A management information system (MIS) provides information which is needed to manage organizations efficiently and effectively. Management information systems involve three primary resources: people, technology, and information or decision making. Management information systems are distinct from other information systems in that they are used to analyze operational activities in the organization. Academically, the term is commonly used to refer to the group of information management methods tied to the automation or support of human decision making, e. g. decision support systems, expert systems, and executive information systems.
Kenneth and Jane Laudon identify five eras of MIS evolution corresponding to five phases in the development of computing technology: 1) mainframe and minicomputer computing, 2) personal computers, 3) client/server networks, 4) enterprise computing, and 5) cloud computing. The first (mainframe and minicomputer) era was ruled by IBM and their mainframe computers, these computers would often take up whole rooms and require teams to run them, IBM supplied the hardware and the software. As technology advanced these computers were able to handle greater capacities and therefore reduce their cost.
Smaller, more affordable minicomputers allowed larger businesses to run their own computing centers in-house. The second (personal computer) era began in 1965 as microprocessors started to compete with mainframes and minicomputers and accelerated the process of decentralizing computing power from large data centers to smaller offices. In the late 1970s minicomputer technology gave way to personal computers and relatively low cost computers were becoming mass market commodities, allowing businesses to provide their employees access to computing power that ten years before would have cost tens of thousands of dollars.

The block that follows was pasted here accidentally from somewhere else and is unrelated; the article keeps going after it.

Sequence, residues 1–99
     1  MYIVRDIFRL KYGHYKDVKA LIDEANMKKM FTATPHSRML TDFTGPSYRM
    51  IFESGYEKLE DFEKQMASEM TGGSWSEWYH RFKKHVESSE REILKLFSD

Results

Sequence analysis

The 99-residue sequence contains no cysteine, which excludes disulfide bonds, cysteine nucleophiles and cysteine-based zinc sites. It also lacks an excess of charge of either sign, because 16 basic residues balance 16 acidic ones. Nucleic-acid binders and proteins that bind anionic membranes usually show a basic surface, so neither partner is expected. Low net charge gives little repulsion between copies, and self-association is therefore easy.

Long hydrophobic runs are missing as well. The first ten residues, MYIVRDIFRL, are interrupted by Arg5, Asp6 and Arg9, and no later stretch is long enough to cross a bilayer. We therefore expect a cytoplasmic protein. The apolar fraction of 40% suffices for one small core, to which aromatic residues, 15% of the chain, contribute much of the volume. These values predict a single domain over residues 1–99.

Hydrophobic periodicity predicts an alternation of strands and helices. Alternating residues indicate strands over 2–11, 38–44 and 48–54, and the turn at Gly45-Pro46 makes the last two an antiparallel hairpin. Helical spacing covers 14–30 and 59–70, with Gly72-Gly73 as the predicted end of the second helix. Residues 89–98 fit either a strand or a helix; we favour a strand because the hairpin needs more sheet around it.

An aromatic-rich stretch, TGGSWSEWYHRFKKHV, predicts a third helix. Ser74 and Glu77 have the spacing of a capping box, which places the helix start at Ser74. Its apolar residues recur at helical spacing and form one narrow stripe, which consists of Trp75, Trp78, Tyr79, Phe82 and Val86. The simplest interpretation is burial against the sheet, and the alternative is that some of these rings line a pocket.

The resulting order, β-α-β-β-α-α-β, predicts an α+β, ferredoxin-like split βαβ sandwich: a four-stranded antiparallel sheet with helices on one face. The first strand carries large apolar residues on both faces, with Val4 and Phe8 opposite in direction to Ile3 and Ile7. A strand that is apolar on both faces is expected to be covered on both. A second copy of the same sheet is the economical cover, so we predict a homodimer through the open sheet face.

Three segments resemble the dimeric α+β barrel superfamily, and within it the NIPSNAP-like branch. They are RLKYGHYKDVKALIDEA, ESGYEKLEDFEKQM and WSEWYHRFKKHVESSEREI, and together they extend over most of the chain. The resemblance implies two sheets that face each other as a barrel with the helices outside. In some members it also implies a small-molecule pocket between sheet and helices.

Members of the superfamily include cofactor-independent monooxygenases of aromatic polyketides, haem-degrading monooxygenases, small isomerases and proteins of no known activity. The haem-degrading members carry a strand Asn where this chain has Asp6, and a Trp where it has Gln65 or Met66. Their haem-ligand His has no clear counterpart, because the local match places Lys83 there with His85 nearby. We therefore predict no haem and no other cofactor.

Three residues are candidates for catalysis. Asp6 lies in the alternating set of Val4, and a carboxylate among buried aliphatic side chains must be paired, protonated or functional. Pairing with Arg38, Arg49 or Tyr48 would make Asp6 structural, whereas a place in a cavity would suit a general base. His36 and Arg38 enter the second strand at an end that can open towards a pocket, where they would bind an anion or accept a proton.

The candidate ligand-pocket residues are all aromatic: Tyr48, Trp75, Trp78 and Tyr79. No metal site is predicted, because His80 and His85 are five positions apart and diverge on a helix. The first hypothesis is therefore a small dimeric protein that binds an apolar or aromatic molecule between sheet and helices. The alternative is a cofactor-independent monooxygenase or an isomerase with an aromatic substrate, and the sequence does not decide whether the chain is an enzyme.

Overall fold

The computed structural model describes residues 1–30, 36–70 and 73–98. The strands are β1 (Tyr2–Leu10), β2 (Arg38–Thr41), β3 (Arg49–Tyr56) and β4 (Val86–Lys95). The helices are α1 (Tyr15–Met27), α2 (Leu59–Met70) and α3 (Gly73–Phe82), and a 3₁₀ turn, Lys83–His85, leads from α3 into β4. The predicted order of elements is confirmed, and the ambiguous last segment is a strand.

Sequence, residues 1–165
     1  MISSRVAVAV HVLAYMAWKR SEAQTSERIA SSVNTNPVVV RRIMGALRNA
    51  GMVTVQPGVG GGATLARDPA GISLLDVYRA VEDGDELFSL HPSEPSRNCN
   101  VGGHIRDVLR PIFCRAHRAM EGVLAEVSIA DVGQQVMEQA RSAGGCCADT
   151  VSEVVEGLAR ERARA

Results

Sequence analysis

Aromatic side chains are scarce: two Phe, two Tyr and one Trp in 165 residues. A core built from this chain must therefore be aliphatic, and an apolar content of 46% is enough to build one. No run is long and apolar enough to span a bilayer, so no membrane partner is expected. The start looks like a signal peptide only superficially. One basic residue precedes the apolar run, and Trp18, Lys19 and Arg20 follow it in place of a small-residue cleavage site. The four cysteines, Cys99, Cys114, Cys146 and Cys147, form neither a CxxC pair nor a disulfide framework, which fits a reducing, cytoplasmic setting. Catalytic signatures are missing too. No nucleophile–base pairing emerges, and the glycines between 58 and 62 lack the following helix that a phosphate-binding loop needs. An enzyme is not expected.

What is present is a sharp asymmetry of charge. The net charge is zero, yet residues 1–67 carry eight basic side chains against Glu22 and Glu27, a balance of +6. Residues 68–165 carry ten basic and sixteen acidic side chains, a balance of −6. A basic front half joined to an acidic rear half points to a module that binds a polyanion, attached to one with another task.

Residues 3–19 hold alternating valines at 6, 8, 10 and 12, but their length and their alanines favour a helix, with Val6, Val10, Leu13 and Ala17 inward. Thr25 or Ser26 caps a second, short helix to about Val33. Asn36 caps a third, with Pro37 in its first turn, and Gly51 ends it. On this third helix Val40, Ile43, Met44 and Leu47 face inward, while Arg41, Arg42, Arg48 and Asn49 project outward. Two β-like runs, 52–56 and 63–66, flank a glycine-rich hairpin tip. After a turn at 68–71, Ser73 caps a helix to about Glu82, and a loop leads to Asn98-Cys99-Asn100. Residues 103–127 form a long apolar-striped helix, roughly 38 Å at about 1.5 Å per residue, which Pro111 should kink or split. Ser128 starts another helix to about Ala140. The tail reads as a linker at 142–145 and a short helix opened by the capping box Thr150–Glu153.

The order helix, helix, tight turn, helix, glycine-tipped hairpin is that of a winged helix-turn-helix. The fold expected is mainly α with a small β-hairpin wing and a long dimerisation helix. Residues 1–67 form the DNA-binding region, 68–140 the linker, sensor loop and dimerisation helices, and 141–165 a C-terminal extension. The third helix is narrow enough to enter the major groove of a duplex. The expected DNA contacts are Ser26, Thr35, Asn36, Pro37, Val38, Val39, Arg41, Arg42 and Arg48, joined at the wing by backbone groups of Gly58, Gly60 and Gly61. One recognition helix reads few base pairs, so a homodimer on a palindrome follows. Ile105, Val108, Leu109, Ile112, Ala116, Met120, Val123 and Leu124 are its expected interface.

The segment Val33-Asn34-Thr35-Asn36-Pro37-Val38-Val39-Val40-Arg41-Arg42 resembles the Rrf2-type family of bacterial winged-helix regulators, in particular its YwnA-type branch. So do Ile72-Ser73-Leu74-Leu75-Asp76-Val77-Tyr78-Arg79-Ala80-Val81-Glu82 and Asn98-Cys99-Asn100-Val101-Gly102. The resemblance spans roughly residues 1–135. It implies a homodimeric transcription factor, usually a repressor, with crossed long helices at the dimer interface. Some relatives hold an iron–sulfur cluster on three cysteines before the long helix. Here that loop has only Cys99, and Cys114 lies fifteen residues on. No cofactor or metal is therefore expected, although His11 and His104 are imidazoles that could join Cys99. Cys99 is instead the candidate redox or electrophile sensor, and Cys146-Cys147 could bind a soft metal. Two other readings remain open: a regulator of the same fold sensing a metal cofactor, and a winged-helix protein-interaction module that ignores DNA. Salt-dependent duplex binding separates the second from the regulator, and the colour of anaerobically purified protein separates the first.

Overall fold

This proliferation of computers created a ready market for interconnecting networks and the popularization of the Internet. As the complexity of the technology increased and the costs decreased, the need to share information within an enterprise also grew, giving rise to the third (client/server) era in which computers on a common network were able to access shared information on a server. This allowed for large amounts of data to be accessed by thousands and even millions of people simultaneously.
The fourth (enterprise) era enabled by high speed networks, tied all aspects of the business enterprise together offering rich information access encompassing the complete management structure. The fifth and latest (cloud computing) era of information systems employs networking technology to deliver applications as well as data storage independent of the configuration, location or nature of the hardware. This, along with high speed cellphone and wifi networks, led to new levels of mobility in which managers access the MIS remotely with laptops, tablet pcs, and smartphones.